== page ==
30th September 2013
Last week, Forbes.com published a piece by Tim Worstall in which he argued against the introduction of legally binding measures in the EU to tackle conflict minerals. The piece, titled ‘Global Witness’ Latest Silly Suggestion on Conflict Minerals’ argued for a voluntary industry-led scheme and suggested that the cost to business of implementing legally binding measures will be too onerous. Sadly, Forbes.com didn’t want to publish a separate article to present a different opinion to this one-sided piece. As such, we are publishing our full response below.
We need an informed debate to break the links between natural resources and conflict, not unhelpful rhetoric.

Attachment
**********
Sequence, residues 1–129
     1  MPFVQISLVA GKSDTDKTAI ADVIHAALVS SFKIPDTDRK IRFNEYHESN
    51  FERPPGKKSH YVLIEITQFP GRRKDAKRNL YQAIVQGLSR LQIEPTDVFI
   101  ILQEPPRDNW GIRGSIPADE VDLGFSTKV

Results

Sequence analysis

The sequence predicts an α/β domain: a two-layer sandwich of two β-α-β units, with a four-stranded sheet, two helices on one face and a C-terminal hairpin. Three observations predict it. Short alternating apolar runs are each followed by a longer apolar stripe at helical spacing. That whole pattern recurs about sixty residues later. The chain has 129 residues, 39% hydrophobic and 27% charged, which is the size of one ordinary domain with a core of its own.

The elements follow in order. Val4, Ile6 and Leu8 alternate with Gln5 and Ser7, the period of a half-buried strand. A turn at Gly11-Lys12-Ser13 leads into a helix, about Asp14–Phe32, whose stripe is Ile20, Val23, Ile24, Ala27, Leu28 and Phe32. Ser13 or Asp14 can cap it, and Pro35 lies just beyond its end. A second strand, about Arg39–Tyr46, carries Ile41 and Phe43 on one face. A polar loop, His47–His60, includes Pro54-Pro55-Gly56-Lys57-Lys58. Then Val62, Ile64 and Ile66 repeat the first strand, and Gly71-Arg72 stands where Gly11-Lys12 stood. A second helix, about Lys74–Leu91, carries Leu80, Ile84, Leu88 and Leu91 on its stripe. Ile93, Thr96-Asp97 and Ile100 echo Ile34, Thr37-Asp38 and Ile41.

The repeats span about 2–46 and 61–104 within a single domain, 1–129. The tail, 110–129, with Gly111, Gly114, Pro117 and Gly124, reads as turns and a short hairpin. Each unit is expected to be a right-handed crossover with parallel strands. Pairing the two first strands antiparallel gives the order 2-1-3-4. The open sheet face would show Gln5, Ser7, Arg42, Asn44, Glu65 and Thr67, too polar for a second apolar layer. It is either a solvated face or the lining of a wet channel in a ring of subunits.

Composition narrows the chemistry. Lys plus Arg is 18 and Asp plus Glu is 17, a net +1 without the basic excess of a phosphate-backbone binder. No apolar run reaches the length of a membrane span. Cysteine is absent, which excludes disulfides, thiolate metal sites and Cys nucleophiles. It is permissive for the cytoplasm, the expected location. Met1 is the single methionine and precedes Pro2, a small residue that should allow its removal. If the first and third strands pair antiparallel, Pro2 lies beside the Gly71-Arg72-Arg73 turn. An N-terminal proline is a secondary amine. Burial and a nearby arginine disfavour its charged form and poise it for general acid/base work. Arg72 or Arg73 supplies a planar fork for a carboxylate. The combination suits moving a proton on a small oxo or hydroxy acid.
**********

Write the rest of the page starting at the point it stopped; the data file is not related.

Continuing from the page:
Right now, some of the world’s most brutal conflicts and human rights abuses are being funded by internationally-traded minerals and gems that enter the European market. Armed groups and violent security forces profit from the control of mines and trading routes in places like eastern Democratic Republic of Congo (DRC), Colombia, Burma, Zimbabwe and Central African Republic (CAR). Companies that list on our global markets buy these resources, often without regard for whether they are funding harm. Continue Reading →